Waiting to hear back from an employer after a job interview can seem like an eternity. That's because you feel helpless and might not think you can do anything about it. When you feel as if a company is professionally ghosting you, or completely cutting off all contact with you, discover several reasons why and what actions you can take.
A hiring manager or recruiter has other candidates to vet, and those candidates get a fair shake just as much as you do. You may not be a high priority right after your job interview, but you can nudge a recruiter in the right direction. Send a thank you email or leave a phone message within 24 hours after your interview.
Although you aced the job interview, someone might be a better fit than you. Rather than landing the position, you came in second place. The good news is you're first on the mind of the employer when a similar position opens up at a later time. Maintain contact and you might land a job in the future.
Perhaps you came across as too eager when you followed up. Don't call every day asking what's up. Remember, hiring managers and recruiters are busy people who have other things to do besides getting people hired.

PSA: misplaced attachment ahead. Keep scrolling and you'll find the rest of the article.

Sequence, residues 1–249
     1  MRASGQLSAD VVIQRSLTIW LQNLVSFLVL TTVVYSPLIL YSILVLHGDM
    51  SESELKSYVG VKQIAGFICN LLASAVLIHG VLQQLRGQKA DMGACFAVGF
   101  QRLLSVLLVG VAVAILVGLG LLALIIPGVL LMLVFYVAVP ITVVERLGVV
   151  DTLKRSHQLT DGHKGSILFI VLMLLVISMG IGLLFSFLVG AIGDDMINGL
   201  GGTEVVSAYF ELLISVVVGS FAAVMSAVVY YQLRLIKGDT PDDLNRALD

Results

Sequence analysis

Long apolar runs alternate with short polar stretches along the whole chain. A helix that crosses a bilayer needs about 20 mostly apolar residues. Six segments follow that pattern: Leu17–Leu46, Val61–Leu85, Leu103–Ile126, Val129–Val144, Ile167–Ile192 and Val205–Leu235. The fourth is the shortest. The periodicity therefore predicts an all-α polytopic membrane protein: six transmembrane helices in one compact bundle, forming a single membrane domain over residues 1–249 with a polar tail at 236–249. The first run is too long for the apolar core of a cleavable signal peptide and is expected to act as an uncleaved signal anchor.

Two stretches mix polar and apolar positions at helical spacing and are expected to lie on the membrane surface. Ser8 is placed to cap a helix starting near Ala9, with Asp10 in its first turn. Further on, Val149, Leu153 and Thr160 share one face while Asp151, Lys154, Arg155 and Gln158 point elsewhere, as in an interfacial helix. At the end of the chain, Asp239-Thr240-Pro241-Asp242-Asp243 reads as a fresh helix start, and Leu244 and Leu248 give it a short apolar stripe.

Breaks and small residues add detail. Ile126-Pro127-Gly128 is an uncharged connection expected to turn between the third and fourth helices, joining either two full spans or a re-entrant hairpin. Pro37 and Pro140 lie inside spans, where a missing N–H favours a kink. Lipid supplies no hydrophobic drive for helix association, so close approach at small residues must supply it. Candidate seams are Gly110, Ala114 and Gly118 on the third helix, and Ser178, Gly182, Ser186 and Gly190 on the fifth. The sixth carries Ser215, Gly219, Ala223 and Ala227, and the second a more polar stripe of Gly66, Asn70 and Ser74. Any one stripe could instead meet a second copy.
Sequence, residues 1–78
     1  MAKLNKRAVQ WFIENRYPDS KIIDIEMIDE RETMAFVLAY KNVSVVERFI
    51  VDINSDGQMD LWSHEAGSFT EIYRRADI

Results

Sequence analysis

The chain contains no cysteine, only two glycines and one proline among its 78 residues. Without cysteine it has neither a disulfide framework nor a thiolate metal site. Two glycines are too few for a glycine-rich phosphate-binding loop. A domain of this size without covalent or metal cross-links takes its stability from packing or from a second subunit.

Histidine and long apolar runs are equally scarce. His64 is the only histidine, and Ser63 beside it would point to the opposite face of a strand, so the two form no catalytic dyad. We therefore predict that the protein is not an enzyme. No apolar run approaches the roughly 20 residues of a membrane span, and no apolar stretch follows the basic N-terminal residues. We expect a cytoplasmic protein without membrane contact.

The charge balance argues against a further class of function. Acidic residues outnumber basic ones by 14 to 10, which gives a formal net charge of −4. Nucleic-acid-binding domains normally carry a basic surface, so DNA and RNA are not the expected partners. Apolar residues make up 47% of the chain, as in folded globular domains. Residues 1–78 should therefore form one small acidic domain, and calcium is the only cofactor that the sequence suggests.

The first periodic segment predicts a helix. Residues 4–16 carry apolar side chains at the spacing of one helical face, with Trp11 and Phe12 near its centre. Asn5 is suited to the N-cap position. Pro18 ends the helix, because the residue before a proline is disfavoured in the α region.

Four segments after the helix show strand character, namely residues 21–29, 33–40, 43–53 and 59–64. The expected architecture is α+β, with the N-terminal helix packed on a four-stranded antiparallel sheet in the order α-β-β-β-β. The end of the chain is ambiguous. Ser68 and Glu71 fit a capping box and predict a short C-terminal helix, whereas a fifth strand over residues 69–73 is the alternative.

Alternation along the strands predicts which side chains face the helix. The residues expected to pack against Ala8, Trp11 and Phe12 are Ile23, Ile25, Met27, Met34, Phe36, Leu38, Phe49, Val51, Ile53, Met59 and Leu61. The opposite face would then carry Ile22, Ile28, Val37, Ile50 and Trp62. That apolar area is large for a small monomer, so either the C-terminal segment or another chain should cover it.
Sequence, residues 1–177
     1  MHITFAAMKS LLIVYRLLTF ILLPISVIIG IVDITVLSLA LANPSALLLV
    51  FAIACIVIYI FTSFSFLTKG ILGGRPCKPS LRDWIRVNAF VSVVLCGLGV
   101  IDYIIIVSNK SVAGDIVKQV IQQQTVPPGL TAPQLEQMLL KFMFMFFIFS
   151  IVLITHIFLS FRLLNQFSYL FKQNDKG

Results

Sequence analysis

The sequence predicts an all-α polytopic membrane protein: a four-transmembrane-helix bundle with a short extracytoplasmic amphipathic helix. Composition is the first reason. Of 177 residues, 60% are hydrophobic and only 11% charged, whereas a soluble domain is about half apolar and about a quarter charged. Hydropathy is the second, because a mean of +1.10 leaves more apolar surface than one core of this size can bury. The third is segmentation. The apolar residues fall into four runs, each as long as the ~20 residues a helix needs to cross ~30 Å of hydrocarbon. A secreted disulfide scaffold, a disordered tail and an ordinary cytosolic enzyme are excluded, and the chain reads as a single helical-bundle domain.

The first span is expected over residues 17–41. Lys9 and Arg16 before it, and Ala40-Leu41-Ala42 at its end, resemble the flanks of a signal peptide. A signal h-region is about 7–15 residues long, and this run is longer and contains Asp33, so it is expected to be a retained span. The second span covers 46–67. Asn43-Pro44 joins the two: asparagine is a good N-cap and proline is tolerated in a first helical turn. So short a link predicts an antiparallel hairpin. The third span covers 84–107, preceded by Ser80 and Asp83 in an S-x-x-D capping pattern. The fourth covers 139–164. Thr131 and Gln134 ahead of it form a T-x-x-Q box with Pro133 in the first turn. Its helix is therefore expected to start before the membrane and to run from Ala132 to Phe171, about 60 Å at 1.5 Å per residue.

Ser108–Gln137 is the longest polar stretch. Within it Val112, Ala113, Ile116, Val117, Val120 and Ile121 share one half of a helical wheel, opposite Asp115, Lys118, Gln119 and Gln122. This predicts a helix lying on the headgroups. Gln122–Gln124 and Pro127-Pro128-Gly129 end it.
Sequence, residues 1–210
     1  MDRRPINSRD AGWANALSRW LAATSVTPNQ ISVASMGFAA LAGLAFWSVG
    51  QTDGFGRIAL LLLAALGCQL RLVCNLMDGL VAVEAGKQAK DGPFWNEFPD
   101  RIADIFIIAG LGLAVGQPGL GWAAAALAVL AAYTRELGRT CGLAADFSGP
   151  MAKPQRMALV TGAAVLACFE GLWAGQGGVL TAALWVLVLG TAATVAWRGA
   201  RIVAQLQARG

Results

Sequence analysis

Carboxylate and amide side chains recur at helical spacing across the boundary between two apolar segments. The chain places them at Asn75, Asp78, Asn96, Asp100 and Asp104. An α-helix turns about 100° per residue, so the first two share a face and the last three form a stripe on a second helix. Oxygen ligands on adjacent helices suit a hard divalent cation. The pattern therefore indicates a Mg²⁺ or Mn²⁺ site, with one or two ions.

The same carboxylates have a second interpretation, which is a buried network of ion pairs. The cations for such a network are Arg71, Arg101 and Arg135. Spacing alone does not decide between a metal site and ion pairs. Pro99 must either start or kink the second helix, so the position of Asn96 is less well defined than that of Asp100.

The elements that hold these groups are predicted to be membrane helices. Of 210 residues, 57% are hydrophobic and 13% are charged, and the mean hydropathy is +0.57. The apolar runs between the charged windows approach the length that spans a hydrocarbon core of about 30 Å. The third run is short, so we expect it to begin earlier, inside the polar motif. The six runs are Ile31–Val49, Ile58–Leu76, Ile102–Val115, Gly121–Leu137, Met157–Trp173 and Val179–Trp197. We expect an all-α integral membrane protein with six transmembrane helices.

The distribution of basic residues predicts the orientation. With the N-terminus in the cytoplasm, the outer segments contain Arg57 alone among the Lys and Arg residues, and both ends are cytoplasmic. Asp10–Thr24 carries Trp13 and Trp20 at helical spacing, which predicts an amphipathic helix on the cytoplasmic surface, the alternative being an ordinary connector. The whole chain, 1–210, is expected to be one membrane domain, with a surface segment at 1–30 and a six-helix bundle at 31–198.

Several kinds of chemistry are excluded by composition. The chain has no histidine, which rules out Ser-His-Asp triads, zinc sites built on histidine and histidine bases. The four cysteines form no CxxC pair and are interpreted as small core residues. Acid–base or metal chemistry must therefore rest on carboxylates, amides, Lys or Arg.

You may think you did really well during your job interview, but perhaps the people running the interview felt differently. Mitigate this by practicing and rehearsing for the interview, but also getting your references lined up and making sure your social media profiles stay professional. Don't give the interviewers a reason to say "no."
Hiring Timeline Snag
Things may not always go as planned for the employer. Perhaps something happened within the company that forced human resources or the hiring manager to focus on other things that have nothing to do with hiring. This may cause delays, but that doesn't mean you should stop your job search. Candidates don't like waiting, as 39 percent of people surveyed in 2016 say waiting seven to 14 days is too much. Take comfort in knowing you're not alone in your waiting, and continue to look for opportunities.
Another possibility for professionally ghosting you is the company's recruiting system is broken. Maybe the company's applicant tracking system didn't alert you to the fact you didn't make the cut, or maybe the person responsible for hiring you is out of town on vacation. Perhaps this is a sign you dodged a bad situation, and there are better opportunities for you elsewhere.
You Didn't Get the Job
Rather than tell you no, the company simply didn't follow up after the job interview to tell you that you didn't get the position. Ask the reason why, and move on with dignity and grace.
You Moved On
Maybe you did the ghosting by moving on when you found a better job with another company. Leave honest feedback with the previous company, and end the relationship on a positive note.
Not hearing back after a job interview isn't necessarily cause for alarm. However, an extended delay can mean several things. In a competitive job market, you hold the reins to your future as you leverage your talents into a great opportunity.
Photo courtesy of The Job Listing at Flickr.com
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